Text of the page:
Four innovative ideas about where to park on Long Island were presented to the public Thursday morning at a special event held by the nonprofit Rauch Foundation at Adelphi University. They put a welcome new spin on that old refrain from Joni Mitchell’s song about suburban development: “They paved paradise and put up a parking lot.”
The proposals were the creations of four different architectural firms from around the country that had entered the 2014 Long Island Index’s “Parkingplus Design Challenge,” which the Foundation sponsored. The planners had to come up with new parking spaces for Patchogue, Ronkonkoma, Rockville Centre or Westbury. Each design winner was awarded a $15,000 honorarium.
The event itself featured a keynote speech by Bruce Ratner, executive chairman of Forest City Ratner Companies, whose own firm is credited with using inventive solutions to revitalize Brooklyn’s downtown at the Barclays Center, and has been tapped to do the same at Nassau Coliseum. But he had no direct connection to the challenge—and, as the Index director Ann Golub told the Press, nor would he—or anyone else anytime soon—be financing these particular projects.
“He really is someone who likes innovative design,” Golub says.
Unlike the Index’s previous challenge, its “Build a Better Burb” contest, which inspired planners to be as creative as they could, these proposals had to be specific to each site, which centered on the communities’ train station.
“They weren’t hypothetical,” Golub says. “This time we said, ‘Here are some real downtowns.’”
The architects were charged with approaching each municipality, talking to the officials in charge, determining what their priorities were, and then coming up with something financially feasible.
“The reason most communities choose not to build structured parking is because they get overwhelmed by the cost,” Golub explains. “Steel and concrete is awfully expensive compared to a surface parking lot.”
No two proposals looked alike. And there wasn’t a parking garage in sight.
For Patchogue, the New York City and Los Angeles-based dub Studios learned from Mayor Paul Pontieri that he wanted more trees and flowers to augment the downtown revitalization that has already occurred on his watch. And so, besides coming up with parking decks that were “green,” the firm also borrowed a parking management system from Europe to make the parking lots “smart.”
In other words, motorists in the area could consult a display on the major arteries in the village telling them where the available spaces were. Right now, the locals know about the lots in the back of the main buildings but out-of-towners tend to drive around in frustration, ignorant of what’s really there.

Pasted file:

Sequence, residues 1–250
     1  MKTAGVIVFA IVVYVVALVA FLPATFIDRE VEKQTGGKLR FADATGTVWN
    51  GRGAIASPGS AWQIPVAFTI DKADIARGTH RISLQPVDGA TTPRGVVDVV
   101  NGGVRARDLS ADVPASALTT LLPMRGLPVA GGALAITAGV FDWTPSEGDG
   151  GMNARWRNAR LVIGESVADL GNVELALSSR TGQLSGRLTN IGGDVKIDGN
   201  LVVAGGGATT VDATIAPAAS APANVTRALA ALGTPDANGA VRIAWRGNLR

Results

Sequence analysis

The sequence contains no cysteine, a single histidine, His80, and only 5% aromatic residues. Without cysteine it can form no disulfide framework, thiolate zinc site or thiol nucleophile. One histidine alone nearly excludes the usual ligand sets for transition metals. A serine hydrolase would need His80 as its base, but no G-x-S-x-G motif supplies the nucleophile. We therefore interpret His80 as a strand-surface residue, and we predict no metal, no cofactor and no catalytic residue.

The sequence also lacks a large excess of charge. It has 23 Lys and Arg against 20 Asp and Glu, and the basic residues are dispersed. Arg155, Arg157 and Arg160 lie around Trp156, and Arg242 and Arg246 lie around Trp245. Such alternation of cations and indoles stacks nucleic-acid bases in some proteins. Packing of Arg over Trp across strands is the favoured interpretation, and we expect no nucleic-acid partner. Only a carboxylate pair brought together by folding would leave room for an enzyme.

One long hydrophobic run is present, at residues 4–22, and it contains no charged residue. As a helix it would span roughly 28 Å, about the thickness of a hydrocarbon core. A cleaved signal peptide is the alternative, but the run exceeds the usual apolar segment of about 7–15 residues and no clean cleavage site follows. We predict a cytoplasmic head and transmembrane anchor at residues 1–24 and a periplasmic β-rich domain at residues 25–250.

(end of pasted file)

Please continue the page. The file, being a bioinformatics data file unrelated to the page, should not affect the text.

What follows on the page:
LTL Architects of New York City did a design for Westbury that would connect the parking lots on the north and south sides of the tracks and create a more vibrant destination, incorporating solar panels, parking terraces and courtyards as well as residential and retail spaces.
“It really incorporates a little bit of everything,” Golub says.
For Ronkonkoma, Los Angeles’ Roger Sherman Architecture and Urban Design came up with a proposal that at first glance looks like the interior of a giant Chuck E. Cheese family entertainment extravaganza. They took a site that was the equivalent of 12 square blocks, about the length of the Empire State Building, and essentially laid the landmark building on its side. But instead of offices, the open space would have room for go-karts, soccer fields, miniature golf and a hockey rink. The exterior is made of some kind of yellow-and-white-checkered bubble wrap, about six stories high.
“Ronkonkoma is wild!” Golub says enthusiastically. “Today it’s a park-and-ride. You park your car and you ride the train. They said, ‘But what if it was a place for parks and rides?’ And so they turned the whole thing around.” Called “ParksandRides,” the project also intersperses the parking spaces rather than confine the cars to one area, so people could drive to the activities they’re interested in and park nearby.
“It’s such a different way of thinking about parking!” Golub says. “Would that ever get built on Long Island? Okay, probably not. What I really do think will happen is just looking at that idea adds so many new elements to the conversation about what could be done on Long Island.”
Boston’s Utile, Inc., came up with an idea for Rockville Centre that incorporates prototypical arches but has flexible space built above them for housing, tennis courts (something the village wanted) and businesses.
“Our point was that if you continue to create more surface parking lots you give up all the economic activity in that community,” Golub says. “And we have to find ways of building differently…Our downtowns are such incredible, vibrant centers of our communities but they are not growing in the way that they could be.”